March 8, 2013
Well, hey there!
Hope you’ve all been doing well! For me, it’s been a particularly crazy time in Michele World, what with lots of travel in January (Orlando for the ASI Show, then directly to Dusseldorf for the PSI Show, then on to Paris for, well, nothing — j’adore Paris!) and caring for my Mom, who’s had some health challenges in the past six weeks.
Now that everything has settled down, I’ve watched with perplexed fascination how everyone has fire-hosed their rage and indignation at Marissa Mayer, the adroit CEO of the once-heralded, now beleaguered Yahoo! Mayer and the head of Yahoo!’s HR department, for those of you as out of the loop as I’ve been, dared to ask Yahoo!’s telecommuting employees to start coming into the office every day to, ya know, work (a move soon after adopted by Best Buy’s management, incidentally). The reaction to Mayer’s announcement? Like she took all telecommuters — not just those at Yahoo! — and demanded the marrow be syphoned from their bodies. And to say she’s been vilified in the media is putting it mildly.
At ASI, our telecommuting policy is at the discretion of each department head. Melinda Ligos, who oversees the Editorial and Education departments, takes an extremely tolerant stance towards telecommuting: “As long as people get their work done, it’s fine with me.” Yet even she saw the LOL value in this cartoon she sent my way, whose message is brilliant in its simplicity.
Of the five magazine editors here at ASI, I’m the only one who’s in the office every day. That’s not to say I’m working harder than my four colleagues who work from home a few days a week, as I certainly am not (a point with which CEO Tim Andrews would enthusiastically concur). In fact, the argument could be made that they’re better, more disciplined workers because they can function in a less restrictive environment. Libertines like me don’t fare well without parameters, rules (not that we adhere to them, but we need to bump up against them) and schedules. If I worked from home I’d be well-versed on the daily Law & Order line-up on TNT and rationalize my way towards mid-day naps and drinking (“but Spaniards do it, and they’re lovely people!”).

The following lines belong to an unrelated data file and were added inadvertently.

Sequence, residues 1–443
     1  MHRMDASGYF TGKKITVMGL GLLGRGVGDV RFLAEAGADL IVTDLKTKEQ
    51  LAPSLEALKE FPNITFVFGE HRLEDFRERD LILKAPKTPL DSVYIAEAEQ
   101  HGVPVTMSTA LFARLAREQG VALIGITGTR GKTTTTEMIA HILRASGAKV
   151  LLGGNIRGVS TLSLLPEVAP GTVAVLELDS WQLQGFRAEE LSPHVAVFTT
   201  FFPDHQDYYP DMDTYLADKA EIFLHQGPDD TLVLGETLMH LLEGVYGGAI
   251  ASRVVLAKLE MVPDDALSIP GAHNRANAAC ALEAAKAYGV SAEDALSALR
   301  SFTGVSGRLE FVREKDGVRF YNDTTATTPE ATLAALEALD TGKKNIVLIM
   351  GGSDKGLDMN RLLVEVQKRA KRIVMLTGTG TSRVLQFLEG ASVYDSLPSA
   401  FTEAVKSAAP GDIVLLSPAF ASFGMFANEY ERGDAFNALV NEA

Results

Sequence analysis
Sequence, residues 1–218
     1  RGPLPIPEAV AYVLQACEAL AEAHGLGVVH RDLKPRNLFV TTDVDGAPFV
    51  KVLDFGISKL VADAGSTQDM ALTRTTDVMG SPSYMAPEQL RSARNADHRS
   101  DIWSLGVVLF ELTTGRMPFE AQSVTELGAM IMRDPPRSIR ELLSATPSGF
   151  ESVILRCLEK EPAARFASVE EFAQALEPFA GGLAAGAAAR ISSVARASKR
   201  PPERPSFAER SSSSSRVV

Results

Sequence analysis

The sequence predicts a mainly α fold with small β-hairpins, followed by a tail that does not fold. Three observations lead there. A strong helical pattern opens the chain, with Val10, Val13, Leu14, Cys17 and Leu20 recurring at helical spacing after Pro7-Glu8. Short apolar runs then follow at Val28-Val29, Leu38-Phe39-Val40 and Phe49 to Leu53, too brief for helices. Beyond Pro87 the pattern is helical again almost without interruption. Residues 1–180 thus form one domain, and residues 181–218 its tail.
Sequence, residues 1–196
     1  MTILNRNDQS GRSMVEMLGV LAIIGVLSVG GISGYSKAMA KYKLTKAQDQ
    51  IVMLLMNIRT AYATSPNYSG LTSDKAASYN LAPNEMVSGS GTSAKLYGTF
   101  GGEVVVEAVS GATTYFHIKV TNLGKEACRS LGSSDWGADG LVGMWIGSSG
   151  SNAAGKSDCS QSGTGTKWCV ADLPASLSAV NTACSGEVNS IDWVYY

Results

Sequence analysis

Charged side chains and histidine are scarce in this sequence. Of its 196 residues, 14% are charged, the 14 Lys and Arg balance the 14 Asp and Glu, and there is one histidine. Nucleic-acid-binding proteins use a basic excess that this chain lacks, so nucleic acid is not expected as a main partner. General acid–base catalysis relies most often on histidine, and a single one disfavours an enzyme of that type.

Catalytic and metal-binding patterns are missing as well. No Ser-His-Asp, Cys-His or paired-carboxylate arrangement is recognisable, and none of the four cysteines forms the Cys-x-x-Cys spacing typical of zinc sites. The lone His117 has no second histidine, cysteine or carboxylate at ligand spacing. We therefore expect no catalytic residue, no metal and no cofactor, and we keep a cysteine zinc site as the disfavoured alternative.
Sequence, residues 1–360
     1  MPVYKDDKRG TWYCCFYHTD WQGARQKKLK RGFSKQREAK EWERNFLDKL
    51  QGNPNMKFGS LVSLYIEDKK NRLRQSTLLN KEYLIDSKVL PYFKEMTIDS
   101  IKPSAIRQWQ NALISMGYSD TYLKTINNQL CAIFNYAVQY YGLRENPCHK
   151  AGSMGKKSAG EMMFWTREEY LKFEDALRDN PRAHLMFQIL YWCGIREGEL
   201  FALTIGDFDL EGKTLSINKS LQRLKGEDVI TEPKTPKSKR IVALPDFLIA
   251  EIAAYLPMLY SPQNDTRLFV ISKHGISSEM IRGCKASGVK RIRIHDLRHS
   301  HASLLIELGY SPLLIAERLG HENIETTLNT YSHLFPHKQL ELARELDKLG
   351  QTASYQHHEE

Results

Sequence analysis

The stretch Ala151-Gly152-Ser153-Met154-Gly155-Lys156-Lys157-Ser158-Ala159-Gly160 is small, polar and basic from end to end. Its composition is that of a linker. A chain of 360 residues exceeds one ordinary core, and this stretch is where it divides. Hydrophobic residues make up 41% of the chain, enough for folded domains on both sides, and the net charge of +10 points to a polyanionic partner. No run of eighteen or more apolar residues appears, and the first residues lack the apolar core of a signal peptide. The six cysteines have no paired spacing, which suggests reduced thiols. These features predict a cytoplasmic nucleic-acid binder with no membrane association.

Here’s the thing, though, which was Mayer’s point: Her decision wasn’t a referendum on the productivity of people who work from home — for sure, they’re just as, if not more, productive than those who work in the office. (Though one of my colleagues who shall remain nameless — *cough* Joe Haley — uses air quotes every time he says someone is “working from home.”) But there’s no doubt that people who work from home are at a distinct disadvantage.Yeah, I said it. Being physically present in the office, able to look colleagues in the eye and engage with them in meetings, makes all the difference over the colleague who’s calling in via speaker phone, Skype or video conference. You can defend your position, advocate for policy changes and influence co-workers with greater effectiveness being in front of them. Working remotely robs you of the critical ability to metabolize colleagues’ reactions in real-time, read social cues and gauge group dynamics; seeing co-workers face-to-face encourages collaboration and adds to the energy level of the group. And in that regard, Mayer is spot-on.
Cheers, and hope to see you all soon!